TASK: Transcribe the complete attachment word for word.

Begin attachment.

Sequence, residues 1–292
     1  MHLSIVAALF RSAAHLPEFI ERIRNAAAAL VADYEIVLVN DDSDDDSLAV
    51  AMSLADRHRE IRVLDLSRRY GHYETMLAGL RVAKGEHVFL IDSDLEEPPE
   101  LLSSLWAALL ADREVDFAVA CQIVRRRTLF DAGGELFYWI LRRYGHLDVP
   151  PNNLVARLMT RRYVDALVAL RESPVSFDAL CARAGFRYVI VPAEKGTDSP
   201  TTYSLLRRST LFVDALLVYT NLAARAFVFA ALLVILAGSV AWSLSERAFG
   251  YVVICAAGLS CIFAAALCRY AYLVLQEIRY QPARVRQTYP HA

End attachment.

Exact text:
Sequence, residues 1–292
     1  MHLSIVAALF RSAAHLPEFI ERIRNAAAAL VADYEIVLVN DDSDDDSLAV
    51  AMSLADRHRE IRVLDLSRRY GHYETMLAGL RVAKGEHVFL IDSDLEEPPE
   101  LLSSLWAALL ADREVDFAVA CQIVRRRTLF DAGGELFYWI LRRYGHLDVP
   151  PNNLVARLMT RRYVDALVAL RESPVSFDAL CARAGFRYVI VPAEKGTDSP
   201  TTYSLLRRST LFVDALLVYT NLAARAFVFA ALLVILAGSV AWSLSERAFG
   251  YVVICAAGLS CIFAAALCRY AYLVLQEIRY QPARVRQTYP HA